What Will My Child Learn in 3rd Grade Math?

Are you looking for some home practice for your 3rd grader? Look no further; below, each of the main focus areas of your 3rd grader's math curriculum are discussed in detail. Once you know what skills to practice, your child will be improving in no time!

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Mathematical Focus Areas of 3rd Grade Math

Operations and Algebraic Thinking

In 3rd grade, fluently multiplying and dividing within 100 will be a main focus. Additionally, your child will need to understand and interpret the products and quotients of whole numbers. For example, the problem 2 x 3 = 6 could be modeled with two groups of three items or three groups of two items.

Students in 3rd grade learn to determine an unknown number in a multiplication or division sentence. For instance, in the number sentence 15 ÷ ? = 3, your child should be able to determine that the missing number is five. You will also want to make sure that he or she can solve a 2-step word problem using any of the four operations (addition, subtraction, multiplication and division).

Number and Operations in Base Ten

Within this mathematical focus area, your child will be working to round whole numbers to the nearest ten or 100. This will require your student to have an adequate knowledge of place value. By the end of 3rd grade, your child should be fluently adding and subtracting within 1,000. To ensure your child meets this standard, you may want to provide him or her with daily practice for these two skill areas.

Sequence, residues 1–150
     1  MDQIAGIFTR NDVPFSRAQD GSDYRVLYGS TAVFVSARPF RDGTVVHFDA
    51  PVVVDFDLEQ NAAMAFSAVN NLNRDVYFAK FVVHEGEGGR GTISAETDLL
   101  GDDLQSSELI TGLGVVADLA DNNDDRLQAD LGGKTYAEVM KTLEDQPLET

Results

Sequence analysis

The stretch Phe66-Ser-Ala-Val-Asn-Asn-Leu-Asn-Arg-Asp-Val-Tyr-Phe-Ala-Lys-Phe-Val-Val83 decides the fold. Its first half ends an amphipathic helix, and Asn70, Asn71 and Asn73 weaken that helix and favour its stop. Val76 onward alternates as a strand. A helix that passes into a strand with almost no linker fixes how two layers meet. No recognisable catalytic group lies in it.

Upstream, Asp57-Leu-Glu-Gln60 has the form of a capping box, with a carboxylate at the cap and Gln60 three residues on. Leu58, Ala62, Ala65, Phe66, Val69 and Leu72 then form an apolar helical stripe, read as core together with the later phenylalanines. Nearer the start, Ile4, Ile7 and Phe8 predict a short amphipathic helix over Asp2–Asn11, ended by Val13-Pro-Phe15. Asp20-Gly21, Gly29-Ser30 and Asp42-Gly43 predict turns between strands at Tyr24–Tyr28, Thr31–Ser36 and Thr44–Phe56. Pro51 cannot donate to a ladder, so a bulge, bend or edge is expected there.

Multiplication will be introduced to your child in 3rd grade. For this focus area, you will want to be sure your student can multiply a 1-digit number by a multiple of ten.

Number and Operations-Fractions

As your 3rd grader begins learning about fractions, you will first want to make sure that he or she understands that a fraction is formed when a whole is divided into equal parts. Similarly, your student should know how to express a whole number as a fraction. Your child will also need to recognize and create equivalent fractions. Familiarize your student with a number line so that he or she feels comfortable comparing fractions with the same numerator or denominator and then plotting the fractions on the line.

Measurement and Data

At the 3rd grade level, your child will be learning to use standard units of measurement to estimate and measure the volume of a liquid and the mass of an object. Your child will also be responsible for knowing how to measure the length of an item using a ruler that shows halves and fourths of an inch. This focus area will require your child to tell and write time to the nearest minute and create an appropriate graph from a given set of data. Lastly, your child should also calculate the area and perimeter of polygons by using addition and multiplication.


At the 3rd grade level, your child should recognize a rectangle, a square and a rhombus as being examples of quadrilaterals. You will also want to make sure that your student realizes that it is possible for shapes in different categories to share similar attributes.

Your 3rd grader needs to be able to partition a shape into equal parts, and then express the division of the shape as a unit fraction of the whole. For example, if your child divided a circle into four equal parts, he or she would use the fraction 4/4 to show how the shape was divided.

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